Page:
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26 April 2005, 11:30 am
ALISON, BURHANS And McCARTHY Nominated For International Awards
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Disabled Sailing News
Paris, France

The International Paralympic Committee recently nominated Betsy ALISON (USA), Keith BURHANS (USA) and Paul McCARTHY (IRE) for the Pierre de Coubertin International Fair Play Trophy.
Two time Yngling World Champion, ALISON, coach of the US Disabled Sailing Team, was nominated for her efforts to 'promote sailing and help sailors win medals,' according to the nomination. BURHANS was nominated for designing and building a special adaptive chair to help another sailor compete with him. When he did not qualify for the 2004 Paralympic Games, BURHANS traveled to Greece to assist the Greek Paralympic Sailing Team. 'The willingness of Mr. BURHANS to overlook national bounds demonstrates a true sense of fair play and sportsmanship as well as a respect for the improvement of his sport,' read the nomination.

McCARTHY competed for four years in preparation to represent Ireland in the 2004 Paralympic Sailing Competition, however he was not finally selected for the team. On arrival in Athens, the Irish team found that their boat had not been cured properly and was not sailable. With two days left to measure their equipment for the Games, the team had to turn to their rivals. McCARTHY jumped in his car, picked up his shore crew and drove from Cork, Ireland to Athens, Greece, reaching the sailing venue just hours before measurement closed.

Winners of the award will be announced in June by the International Fair Play Committee (CIFP).

The goal of CIFP is the world-wide defence and promotion of fair play. The activity of CIFP focuses on national and international organizations working for sport and education, on high level athletes, and very emphatically on children, adolescents and on those in charge of training them - on coaches and trainers.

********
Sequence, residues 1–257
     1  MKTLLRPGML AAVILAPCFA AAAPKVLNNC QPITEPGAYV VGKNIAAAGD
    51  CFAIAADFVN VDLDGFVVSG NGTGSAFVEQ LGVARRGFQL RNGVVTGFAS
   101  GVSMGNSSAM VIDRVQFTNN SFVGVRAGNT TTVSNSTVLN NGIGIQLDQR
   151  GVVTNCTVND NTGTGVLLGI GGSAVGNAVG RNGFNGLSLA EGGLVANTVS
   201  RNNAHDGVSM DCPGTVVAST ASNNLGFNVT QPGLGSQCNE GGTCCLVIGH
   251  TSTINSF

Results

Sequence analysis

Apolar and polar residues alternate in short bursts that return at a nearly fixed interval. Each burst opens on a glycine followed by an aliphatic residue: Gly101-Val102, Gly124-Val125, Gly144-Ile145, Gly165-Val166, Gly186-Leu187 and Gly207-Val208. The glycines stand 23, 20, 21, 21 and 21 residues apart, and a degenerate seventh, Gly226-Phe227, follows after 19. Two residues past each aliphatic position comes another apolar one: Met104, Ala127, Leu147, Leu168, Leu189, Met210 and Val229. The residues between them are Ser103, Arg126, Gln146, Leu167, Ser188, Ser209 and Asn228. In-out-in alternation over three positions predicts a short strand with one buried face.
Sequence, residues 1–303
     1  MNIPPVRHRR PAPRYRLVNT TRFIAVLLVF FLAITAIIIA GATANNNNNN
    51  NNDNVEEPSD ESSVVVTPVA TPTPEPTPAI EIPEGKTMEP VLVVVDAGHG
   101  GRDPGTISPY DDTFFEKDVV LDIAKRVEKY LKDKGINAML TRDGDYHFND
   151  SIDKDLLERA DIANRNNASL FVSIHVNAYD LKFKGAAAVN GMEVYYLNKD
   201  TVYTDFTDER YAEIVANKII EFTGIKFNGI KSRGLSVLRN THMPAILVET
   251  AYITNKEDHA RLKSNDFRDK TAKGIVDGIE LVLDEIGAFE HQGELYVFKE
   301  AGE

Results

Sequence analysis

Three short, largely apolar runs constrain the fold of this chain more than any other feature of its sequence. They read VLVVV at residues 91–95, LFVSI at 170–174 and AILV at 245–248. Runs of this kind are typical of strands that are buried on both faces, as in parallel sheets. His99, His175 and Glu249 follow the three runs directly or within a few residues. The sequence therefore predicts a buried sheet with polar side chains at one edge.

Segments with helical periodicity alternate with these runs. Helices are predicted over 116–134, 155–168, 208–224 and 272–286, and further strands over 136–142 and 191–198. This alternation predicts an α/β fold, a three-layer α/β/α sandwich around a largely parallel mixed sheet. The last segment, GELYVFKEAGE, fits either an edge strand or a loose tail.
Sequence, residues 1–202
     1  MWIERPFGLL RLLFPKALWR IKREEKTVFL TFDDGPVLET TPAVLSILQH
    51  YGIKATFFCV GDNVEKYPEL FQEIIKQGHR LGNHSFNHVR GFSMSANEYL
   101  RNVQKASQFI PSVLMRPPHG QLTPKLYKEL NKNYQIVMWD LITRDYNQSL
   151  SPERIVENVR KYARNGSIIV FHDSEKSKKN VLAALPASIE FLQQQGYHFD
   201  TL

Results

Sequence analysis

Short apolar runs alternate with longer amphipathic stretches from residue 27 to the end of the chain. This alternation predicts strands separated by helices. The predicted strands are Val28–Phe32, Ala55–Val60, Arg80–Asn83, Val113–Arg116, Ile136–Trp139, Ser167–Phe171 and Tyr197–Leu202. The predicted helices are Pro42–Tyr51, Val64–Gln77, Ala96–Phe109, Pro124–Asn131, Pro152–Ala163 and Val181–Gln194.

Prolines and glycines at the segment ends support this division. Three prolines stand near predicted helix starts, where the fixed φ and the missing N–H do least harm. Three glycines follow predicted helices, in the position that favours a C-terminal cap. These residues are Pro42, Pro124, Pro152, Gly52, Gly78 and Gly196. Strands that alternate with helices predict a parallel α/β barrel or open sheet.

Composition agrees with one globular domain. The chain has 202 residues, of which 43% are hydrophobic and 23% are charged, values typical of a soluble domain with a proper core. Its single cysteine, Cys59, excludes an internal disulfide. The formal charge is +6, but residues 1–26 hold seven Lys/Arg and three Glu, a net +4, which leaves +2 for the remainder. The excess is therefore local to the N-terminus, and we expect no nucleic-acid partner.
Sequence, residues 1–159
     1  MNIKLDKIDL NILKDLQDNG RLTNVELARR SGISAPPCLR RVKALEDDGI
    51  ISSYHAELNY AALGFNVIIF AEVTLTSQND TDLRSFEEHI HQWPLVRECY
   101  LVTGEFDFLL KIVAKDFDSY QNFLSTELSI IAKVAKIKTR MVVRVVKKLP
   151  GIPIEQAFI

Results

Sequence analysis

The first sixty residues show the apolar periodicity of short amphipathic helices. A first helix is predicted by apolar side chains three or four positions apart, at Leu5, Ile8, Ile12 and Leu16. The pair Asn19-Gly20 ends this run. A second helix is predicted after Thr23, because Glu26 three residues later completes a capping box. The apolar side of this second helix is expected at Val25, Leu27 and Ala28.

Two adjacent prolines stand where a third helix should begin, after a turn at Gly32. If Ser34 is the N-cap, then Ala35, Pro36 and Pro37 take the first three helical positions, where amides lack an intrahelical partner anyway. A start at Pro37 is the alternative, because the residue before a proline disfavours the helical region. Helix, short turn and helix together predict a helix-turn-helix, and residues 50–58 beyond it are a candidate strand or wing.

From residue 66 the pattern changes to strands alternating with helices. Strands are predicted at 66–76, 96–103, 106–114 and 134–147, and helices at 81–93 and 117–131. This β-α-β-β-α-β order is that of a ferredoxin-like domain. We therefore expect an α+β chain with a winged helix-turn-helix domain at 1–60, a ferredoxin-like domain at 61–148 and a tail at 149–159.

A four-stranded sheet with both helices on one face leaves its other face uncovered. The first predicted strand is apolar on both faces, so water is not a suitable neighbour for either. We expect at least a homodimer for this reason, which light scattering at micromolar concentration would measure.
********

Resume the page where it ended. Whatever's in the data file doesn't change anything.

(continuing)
The CIFP's main objective is to decide about the awarding of International Fair Play prizes every year on the basis of the nominations filed to the CIFP by different organizations and private people.

The prizewinners include famous champions in men and women sport categories as well as lesser-known athletes, beginners and young people. Their conviction is to regard fairness as more important than winning at all costs. They provide an ideal for millions of athletes all over the world. The CIFP also awards prizes to outstanding athletes who have always excelled by their fairness and are now retiring from active sports. In this way the CIFP would like to encourage former athletes to remain model examples of fair play in sports.

With this aim in view every year the CIFP confers awards in three categories:

1. For an act of fair play, which cost or could have cost the victory to a contender who sacrificed or compromised his chances of winning by complying not only with the written rules of the sport, but also with the 'unwritten' ones.

2. A general attitude of sportsmanship all along a sports career, marked by an outstanding and constant spirit of fair play.

3. An activity aimed at promoting fair play: organization of national or local campaigns, lectures, books, articles, reports or comments in the media.

The awards are conferred by the Board of Directors, which comprises the jury of the International Committee for Fair Play.

US SAILING/CIFP (As Amended By ISAF). Image, ALISON at the Rolex IWKC 2003:© Event Media
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